The Lighthouse

The Lighthouse is like this box, this nearly square screen in salt-dried black & whites, into which Sea Dafoe and Sea Pattinson have been plunked, wearing nautical sweaters and gloomy gremlin glee. And gradually, as the wind and waves pick up, the box starts getting rattled and tossed around, the two of them scrambling and colliding bodily into each other, slipping in a brackish muck of kerosene and seawater and piss and semen, yelling in kelpy, semi-incomprehensible Melville. All the while, a foghorn keeps an eldritch time, a deep bellow like an exhalation from Hell, and a dizzying phantasmagorical Art Deco egg of thick glass-plated light slowly swings and sings overhead, as the timbers of the box begin to buckle and crack under the onslaught, the mad sea rushing and foaming in at the corners like a briny vignette, waiting to crash through and leave everything a tangled broken mess on the rocks.

It’s a rigorously deranged ride of barmy barnacled madness and we are blessed. By an absent fearful Christian God, or more likely Poseidon, invoked at one point by miniature craggy king Willem Dafoe in a maniacal, minutes-long ocean swell of a curse in which he apparently foregoes the need to breathe. When at last the booming torrent breaks, all Robert Pattinson can do is look up at him from his sprawl on the uneven floor with his haunted cliff-ghast eyes, and offer that alright, maybe not all of Thomas’s cooking is that bad. And our packed Monday night audience absolutely lost our shit.

Is it for anything besides this, this fever break of laughter before the barometer just starts rising again? Does it need to be? As the internet has asked, must a movie be good—is it not enough to sit in the dark and see an actor, unhinged? Do you question the SEA for ROILING?

In this case I think there is actually plenty of flotsam and jetsam tossed in this, but I don’t need all these references and elements (meteorological or otherwise) to be combed out. I don’t need to solve anything, be like oh it’s Freudian, oh it’s the myth of Prometheus—it’s enough that there are phalluses and light and at times those coalesce and almost drip into Robert Pattinson’s graven cheekbone. I really like reading Robert Eggers talk about making his movie, his fascinating reverse-hydra approach to production decision-making where he establishes something he must have, and then that one decision auto-decides a constellation of other decisions that he’ll insist serve this one. It would all sound rather draconian and unfun if the initial choice wasn’t whimsically something like, and I quote: “The reason why it became this period in The Lighthouse is because I wanted to have a foghorn, and I wanted to have a Fresnel lens.” You go, buddy. I respect this Quaint Nerd priority matrix.

This is what I mean by rigorously deranged. It means that Pattinson is wearing the exact right style of wickie overalls when he’s getting menaced out of his damn mind by a one-eyed seagull or fucking unearthly screamed at by an alarmingly anatomically correct Victorian mermaid or drunkenly hanging on Willem Dafoe as he slurrily slow-dances him around their cramped kitchen singing a song of which I caught not a word. But if there’s a message here, it might be on that last: go easy on the grog when you’re trapped on a rock, lest you go mad north-nor’easter, and don’t make it back to land.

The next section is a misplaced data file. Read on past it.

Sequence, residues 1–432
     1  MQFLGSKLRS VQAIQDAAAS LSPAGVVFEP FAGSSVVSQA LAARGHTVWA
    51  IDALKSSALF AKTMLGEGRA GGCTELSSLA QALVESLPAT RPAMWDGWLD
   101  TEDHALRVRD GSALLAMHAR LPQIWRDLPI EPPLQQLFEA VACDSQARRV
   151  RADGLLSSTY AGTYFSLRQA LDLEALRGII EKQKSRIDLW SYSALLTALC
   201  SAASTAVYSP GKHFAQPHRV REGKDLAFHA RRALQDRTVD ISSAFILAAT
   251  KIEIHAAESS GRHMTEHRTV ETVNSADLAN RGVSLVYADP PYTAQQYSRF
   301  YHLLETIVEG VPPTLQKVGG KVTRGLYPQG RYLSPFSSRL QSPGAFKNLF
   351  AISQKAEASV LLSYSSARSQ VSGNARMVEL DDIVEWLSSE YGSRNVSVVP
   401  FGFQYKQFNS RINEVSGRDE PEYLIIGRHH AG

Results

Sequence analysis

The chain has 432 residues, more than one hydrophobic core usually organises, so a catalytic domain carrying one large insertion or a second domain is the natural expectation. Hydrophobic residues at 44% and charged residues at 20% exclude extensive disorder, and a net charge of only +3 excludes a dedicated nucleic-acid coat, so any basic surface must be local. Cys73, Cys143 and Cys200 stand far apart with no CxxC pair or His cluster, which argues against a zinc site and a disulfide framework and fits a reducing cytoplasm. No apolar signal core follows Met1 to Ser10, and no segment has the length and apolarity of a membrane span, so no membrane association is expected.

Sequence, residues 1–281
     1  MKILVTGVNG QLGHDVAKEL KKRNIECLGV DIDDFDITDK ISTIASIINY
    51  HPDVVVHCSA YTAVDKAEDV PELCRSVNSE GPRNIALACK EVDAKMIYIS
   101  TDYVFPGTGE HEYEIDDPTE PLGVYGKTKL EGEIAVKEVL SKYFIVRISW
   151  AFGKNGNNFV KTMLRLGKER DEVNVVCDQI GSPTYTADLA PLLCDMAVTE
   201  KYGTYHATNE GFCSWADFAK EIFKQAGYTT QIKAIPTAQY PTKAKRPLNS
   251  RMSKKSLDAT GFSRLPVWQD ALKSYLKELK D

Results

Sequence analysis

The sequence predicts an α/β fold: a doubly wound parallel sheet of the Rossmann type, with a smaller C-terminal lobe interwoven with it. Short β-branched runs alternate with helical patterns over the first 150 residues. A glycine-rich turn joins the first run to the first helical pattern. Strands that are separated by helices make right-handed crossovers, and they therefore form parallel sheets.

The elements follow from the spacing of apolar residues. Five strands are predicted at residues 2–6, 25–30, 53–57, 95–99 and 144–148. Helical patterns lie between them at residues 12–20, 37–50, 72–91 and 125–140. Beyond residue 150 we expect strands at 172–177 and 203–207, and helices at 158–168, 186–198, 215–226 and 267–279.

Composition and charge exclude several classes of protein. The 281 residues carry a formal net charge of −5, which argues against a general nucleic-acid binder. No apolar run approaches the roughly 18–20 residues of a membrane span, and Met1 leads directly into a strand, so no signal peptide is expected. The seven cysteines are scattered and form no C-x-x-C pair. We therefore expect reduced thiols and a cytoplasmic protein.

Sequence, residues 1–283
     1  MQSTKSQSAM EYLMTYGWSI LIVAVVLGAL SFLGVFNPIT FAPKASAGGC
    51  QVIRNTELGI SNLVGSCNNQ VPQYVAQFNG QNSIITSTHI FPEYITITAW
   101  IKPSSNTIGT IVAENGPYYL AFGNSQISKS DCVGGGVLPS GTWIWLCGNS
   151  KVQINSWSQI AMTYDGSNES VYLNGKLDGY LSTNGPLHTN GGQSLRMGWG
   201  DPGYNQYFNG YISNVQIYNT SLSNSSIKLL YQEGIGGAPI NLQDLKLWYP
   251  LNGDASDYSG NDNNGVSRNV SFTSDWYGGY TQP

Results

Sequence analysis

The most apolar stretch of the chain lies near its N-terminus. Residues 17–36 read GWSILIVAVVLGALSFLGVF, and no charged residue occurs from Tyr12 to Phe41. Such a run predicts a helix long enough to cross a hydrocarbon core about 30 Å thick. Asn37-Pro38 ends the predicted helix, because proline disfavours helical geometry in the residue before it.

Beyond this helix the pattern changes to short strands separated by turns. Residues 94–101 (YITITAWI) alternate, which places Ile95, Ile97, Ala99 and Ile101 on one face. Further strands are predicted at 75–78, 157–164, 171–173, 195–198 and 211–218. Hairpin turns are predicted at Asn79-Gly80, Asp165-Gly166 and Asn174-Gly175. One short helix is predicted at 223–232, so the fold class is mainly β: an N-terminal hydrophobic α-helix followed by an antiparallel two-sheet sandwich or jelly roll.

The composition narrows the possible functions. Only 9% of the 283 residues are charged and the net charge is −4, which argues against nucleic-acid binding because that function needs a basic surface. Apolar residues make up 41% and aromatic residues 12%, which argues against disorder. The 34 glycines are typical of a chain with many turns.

★★★★½

Pain and Glory

Pedro Almodóvar’s Pain and Glory (Dolor y gloria) is a warm, contemplative movie by a wonderful filmmaker who has earned making what is essentially a tenderly, sometimes painfully felt, yet ultimately gentle retrospective about his own life. There is not a dearth of films about male artists getting older and considering their life and work, given who often makes movies, and those vary in how much I feel they’re worth it for the rest of us. I think this one is genuinely Good, a good film, and I don’t think it’s inherently a problem that it is best for people who already love Almodóvar. Again, I think he’s earned it. He has put in the years, put in the work, that is required to make something as openly personal as this project feel as balanced as it manages. He makes it make sense, which is all any of us are ever trying to do with our lives. That storytellers are better at this than others is because they’re storytellers, not because their lives naturally fall in resonant patterns. When you stop and consider this movie later, the plot is rather piecemeal. Things just kind of happen, drift up and then back down again. But while I was watching it, it just felt like a nice piece of Alberto Iglesias score.
What I think is most interesting about Pain and Glory, if you do know Almodóvar’s work up until now, is that he has traded the melodrama for mellowness. There’s a bit where Antonio Banderas, playing the Almodóvar analogue, instructs his actor to not give in to the temptation to cry, to hold it back, and all I could think about was him opening Talk To Her with two men just weeping in a theatre. Did I kinda miss that colorful passion? Maybe. But he’s older now. He’s not more restrained or buttoned up, it’s just more….gentle. Sweet. There are still some cinematic flights of artistic fancy, but they’re mostly kept in the bookends, some of the scenes of little Salvador in his childhood—his mother and the other women’s gorgeous singing as they unfurl clean sheets to dry on the reeds by the river, the young handyman washing in the kitchen under the skylight on a warm day. And the very, very lovely final scene sets all this into focus in a way that elevated the whole movie for me. It’s nice feeling you’re in capable hands.